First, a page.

And now it’s showtime.
Hunter Berecochea bounds onto the stage as Charlie Brown, the kid who can’t catch a break. His kite won’t fly. The little red-haired girl doesn’t know he’s alive. He strikes out with the game on the line.
“Charlie Brown has what you call a failure face,” Lucy tells Linus. “Notice how it has failure written all over it. Study it carefully. You rarely see such a good example.”
Hunter has not just become Charlie Brown, he is the embodiment of childhood disappointment and desire. The kid’s got chops, even if his voice has been changing during the production, so I consult my program to check his credentials.
“I am 13 years old and am keyed up to be playing the role of Charlie Brown,” he has written. “Some of my work includes Horton in ‘Seussical,’ Artful Dodger in ‘Oliver!’ and the Cowardly Lion in ‘The Wizard of Oz.’ ”
Hunter has also noted in the program that this play will hold special memories, in part, because he is sharing the stage with “my ornery, yet very cute sister, Laci. I’m really proud of you, BUG!”
Laci, you will recall, plays Woodstock.
Not to speak out of school, but, knowing how artistic types can be, I had asked Athena if she had any “difficult” personalities among her cast members.
Not really, she said. Well, Woodstock did have some creative differences in the beginning.
“She just had a mind of her own and didn’t want to take direction,” Athena said. “She’s supposed to act like she’s in love with a worm and hold up a little paper heart and rip it in half because her boyfriend broke up with her. Whatever. But she didn’t want to do that.”
The entire production might have been thrown into crisis, if not for Athena’s years of experience, which taught her that every director is first and foremost a psychologist.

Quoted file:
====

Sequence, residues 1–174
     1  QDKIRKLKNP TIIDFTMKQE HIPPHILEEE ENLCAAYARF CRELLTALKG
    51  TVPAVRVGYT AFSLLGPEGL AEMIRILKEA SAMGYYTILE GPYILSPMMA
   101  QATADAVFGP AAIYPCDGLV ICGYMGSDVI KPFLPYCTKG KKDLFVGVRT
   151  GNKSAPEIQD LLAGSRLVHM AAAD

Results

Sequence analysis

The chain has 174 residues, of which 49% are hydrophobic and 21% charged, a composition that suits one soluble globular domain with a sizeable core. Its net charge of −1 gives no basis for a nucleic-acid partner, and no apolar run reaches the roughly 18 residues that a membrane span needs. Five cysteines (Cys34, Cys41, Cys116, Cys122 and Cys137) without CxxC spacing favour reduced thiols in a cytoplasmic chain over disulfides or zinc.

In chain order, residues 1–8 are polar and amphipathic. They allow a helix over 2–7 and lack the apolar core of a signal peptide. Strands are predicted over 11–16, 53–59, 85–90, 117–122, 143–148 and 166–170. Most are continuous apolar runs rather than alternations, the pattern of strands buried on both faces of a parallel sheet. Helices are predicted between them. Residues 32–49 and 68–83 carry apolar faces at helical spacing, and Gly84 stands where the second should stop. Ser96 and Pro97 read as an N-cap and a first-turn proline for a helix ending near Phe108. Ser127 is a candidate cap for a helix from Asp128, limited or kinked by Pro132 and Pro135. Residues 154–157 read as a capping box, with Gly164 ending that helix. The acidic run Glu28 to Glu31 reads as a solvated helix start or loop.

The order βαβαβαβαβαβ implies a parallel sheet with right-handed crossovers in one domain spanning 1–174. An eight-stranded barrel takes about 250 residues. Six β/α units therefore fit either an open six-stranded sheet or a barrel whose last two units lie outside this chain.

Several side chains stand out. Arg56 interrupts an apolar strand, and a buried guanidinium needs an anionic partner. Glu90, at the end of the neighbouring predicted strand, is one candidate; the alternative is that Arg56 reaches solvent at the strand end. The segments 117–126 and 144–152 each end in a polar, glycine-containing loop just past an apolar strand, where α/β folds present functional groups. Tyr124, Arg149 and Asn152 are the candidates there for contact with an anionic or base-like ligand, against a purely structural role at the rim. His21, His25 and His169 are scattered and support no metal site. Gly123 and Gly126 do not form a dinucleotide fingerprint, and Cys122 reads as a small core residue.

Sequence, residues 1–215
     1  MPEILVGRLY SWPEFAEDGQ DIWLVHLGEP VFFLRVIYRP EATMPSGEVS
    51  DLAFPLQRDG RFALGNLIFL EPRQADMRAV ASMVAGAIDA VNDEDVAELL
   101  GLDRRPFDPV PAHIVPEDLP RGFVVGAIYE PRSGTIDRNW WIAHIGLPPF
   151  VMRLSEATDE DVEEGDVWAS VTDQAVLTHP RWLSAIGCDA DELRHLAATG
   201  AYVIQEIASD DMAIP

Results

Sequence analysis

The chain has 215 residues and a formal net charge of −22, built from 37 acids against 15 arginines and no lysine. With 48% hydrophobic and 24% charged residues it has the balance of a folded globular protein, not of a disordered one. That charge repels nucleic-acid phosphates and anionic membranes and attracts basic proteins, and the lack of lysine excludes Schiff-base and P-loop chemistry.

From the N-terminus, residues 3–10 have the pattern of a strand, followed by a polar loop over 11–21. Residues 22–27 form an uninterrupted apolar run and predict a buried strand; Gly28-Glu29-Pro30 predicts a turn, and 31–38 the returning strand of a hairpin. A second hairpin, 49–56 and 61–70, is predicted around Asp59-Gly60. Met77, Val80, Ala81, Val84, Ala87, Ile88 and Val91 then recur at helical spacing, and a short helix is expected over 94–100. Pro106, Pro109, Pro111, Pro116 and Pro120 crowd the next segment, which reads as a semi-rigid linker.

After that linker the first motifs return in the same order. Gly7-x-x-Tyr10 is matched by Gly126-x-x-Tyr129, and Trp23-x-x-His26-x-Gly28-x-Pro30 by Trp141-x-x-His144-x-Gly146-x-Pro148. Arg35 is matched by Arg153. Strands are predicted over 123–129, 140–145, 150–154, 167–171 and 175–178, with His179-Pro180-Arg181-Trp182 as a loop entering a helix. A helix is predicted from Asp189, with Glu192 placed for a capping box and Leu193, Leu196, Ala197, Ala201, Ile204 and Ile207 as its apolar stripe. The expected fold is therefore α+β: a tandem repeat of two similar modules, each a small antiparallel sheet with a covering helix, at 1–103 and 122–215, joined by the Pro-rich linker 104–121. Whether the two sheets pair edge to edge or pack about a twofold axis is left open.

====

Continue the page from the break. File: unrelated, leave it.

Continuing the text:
“We stopped saying, ‘Please rip the heart now,’ and started saying, ‘You’re going to rip the heart.’ ”
In the grand opening scene, the entire cast sings “You’re a good man, Charlie Brown,” with Lucy and Snoopy and Linus and Peppermint Patty and Snoopy and Schroeder and the rest of the gang working the stage and winning the audience. Charles Schulz would be proud.
Athena is in the second row, running the sound board and monitoring everything, including audience reaction. This all began when she was 10 and gazed with admiration at her two older sisters, who were both in community theater. Athena had been training in her spare time at Musical Youth Artists Repertory Theatre and the Youth Cultural Arts Foundation, and on a whim, she decided to start her own theater company.
She rounds up friends and neighbors, shops thrift shops for costumes and props with her sister, Anisa, who is playing Lucy, and by the way, she seems destined for Broadway.
The two sisters choreograph and lead the entire production and write the programs too.
“It’s awesome,” says John Lyon, a former mayor. He tells me that kids who were painfully shy two summers ago and content to play low-profile bit parts have now bravely stepped forward for lead roles.
With entertainment this good, who needs the nearby Cerritos Center for the Performing Arts? Lyon says he called the mayor of Cerritos to invite him to an earlier performance.
“I said, ‘Are you ready for opening night at the Artesia Center for the Performing Arts?’ ”
The evening air is a late-summer balm. The giant amorphous metropolis beyond is filled with peril and darkness that can swallow a child’s dreams, but here in this backyard there is innocence, there is community, and the world is young.
Woodstock, by the way, nails her scene on cue, tearing the paper heart with gusto.